In 1986, while working at his father-in-laws Brinkhaven Home in Ohio, Mr. Weierman was accused by a 16 year old female resident at the facility that he had sex with her 30 times between August 1985 and June 1986. The police chief of Lawrence Township stated that "his investigation found sufficient probable cause to prosecute Weierman, including a polygraph test given the girl and a calendar she kept of the alleged sexual encounters" [7] Since, there was not sufficient evidence to corroborate the girl's allegations, the charges were ultimately dropped by the City Prosecutor. Summit County Children Services officials contend that Brinkhaven did not inform the authorities of these allegations, a notification required by Ohio law. Instead, when the girl left the facility (two months after the abuse), she complained to her relatives who contacted the police. On October 7, 1986 the prosecutor sent a letter to Summit County Children Services officials explaining why charges were not filed. Their reason "the length of time that had elapsed' between the girl's departure from Brinkhaven and when police were called in". [8]
In 1989, Weierman was charged with obstructing justice for not reporting an allegation of child molestation filed by two girls, against a former director of the school. The charges were later dropped due to a lack of evidence beyond a reasonable doubt [9].

Child Abuse Allegations
According to the Florida Department of Children and Families (DCF)[1], there have been numerous child abuse cases reported against this facility. DCF has investigated 35 prior abuse allegations at Victory Forge [10] , the most recent being on April 24, 2008. At the conclusion of the latest investigation, the DCF stated that they had "serious concerns about the safety and welfare of children". In addition, the DCF stated in their summary report that Victory Forge staff "engaged in physical discipline that is harmful to children, such as choking to unconsciousness, punching, kicking, banging heads into walls and cabinets." DCF officials found enough evidence to determine that a boy had been choked and subjected to bizarre punishment and mental injury, and that other boys had been threatened with harm. Many cases were reported where kids where thrown across tables, heads banged against the wall, choked to the point of passing out, made to eat their own vomit. It had been reported in local media that there had been children found bound in shackles at the facility [11]. DCF also noted staff at the academy, who are not related to Weierman, had a "pattern" of leaving the facility during an investigation. DCF officials used a private investigator to find staff member Justin Reaves, who then told DCF officials he left because of the DCF investigation. He also told DCF he felt abuse was occurring. [12]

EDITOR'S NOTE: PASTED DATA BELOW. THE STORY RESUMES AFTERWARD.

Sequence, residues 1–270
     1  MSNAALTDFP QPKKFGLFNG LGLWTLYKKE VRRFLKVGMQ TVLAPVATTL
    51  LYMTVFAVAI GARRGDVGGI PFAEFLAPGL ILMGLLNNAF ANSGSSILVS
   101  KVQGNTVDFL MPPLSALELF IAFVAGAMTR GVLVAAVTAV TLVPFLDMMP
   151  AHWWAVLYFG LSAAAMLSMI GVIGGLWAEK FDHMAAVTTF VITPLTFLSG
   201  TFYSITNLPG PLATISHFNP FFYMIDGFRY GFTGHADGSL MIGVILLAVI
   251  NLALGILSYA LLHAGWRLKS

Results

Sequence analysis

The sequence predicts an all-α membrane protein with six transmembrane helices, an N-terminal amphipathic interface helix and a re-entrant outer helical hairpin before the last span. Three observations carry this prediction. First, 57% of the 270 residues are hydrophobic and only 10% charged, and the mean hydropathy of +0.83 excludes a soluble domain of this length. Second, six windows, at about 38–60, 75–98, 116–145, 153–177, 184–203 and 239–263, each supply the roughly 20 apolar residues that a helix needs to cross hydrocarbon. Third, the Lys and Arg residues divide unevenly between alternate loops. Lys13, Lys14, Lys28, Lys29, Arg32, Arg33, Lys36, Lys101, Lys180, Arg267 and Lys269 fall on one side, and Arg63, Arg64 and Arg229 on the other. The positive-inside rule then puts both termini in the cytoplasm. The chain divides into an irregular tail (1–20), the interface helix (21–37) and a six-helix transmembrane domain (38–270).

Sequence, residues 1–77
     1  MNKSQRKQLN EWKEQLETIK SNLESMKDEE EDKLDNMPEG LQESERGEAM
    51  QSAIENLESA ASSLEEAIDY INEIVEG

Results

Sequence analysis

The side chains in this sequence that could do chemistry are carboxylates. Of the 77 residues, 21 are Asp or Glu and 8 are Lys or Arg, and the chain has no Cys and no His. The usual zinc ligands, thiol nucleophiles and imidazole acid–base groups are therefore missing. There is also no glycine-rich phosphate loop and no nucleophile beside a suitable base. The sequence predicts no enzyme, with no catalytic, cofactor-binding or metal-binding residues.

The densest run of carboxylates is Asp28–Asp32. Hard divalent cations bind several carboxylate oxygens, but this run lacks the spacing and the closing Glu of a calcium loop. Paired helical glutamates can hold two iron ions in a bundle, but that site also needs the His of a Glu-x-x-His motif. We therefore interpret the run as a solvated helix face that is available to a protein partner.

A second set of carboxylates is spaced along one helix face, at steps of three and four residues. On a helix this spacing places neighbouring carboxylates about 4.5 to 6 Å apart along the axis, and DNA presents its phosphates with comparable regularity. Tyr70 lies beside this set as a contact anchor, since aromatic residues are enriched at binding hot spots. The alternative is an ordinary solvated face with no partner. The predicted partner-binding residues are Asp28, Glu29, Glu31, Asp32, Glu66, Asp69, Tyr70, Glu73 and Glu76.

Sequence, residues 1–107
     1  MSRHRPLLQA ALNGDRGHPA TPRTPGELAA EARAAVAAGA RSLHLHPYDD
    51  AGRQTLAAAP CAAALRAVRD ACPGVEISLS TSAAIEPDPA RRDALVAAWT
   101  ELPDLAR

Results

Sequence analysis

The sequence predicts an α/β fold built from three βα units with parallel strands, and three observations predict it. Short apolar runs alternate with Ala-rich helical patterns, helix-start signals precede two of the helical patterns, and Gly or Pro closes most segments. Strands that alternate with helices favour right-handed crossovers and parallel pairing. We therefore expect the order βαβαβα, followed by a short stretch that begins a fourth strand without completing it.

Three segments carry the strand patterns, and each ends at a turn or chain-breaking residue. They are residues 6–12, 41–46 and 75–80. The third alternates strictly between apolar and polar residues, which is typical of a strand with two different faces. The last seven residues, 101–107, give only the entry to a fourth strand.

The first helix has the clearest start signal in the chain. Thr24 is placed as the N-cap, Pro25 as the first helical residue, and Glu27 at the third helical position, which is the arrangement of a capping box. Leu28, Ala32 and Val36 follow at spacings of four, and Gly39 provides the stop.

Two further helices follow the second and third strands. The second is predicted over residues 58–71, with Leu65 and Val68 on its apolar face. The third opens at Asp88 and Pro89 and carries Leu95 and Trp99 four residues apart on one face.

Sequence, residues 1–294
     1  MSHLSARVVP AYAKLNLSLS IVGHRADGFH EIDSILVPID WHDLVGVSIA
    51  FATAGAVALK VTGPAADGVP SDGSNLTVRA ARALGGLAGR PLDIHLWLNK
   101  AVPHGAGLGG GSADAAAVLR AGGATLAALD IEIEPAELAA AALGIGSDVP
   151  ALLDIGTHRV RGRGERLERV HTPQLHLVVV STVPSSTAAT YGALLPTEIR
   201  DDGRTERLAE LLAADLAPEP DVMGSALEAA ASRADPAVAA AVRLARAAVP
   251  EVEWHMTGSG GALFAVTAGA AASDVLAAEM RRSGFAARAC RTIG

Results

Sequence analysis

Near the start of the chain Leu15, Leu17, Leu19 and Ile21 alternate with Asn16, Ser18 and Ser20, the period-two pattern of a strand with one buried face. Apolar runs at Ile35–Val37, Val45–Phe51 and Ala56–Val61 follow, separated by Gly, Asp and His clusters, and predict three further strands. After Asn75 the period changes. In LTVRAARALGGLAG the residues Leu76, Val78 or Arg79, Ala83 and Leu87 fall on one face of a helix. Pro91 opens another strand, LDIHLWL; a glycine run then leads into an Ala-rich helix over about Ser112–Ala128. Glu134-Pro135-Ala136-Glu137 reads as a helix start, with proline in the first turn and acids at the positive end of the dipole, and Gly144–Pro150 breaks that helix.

Since the parents of students had signed a contract accepting this risk, the DCF could not shut down the establishment. Moreover, since the abuse charges could not be verifed, beyond a reasonable doubt as the wounds were healed or no witnesses existed or witnesses would not talk, criminal charges could not be filed by the State Attorney's office.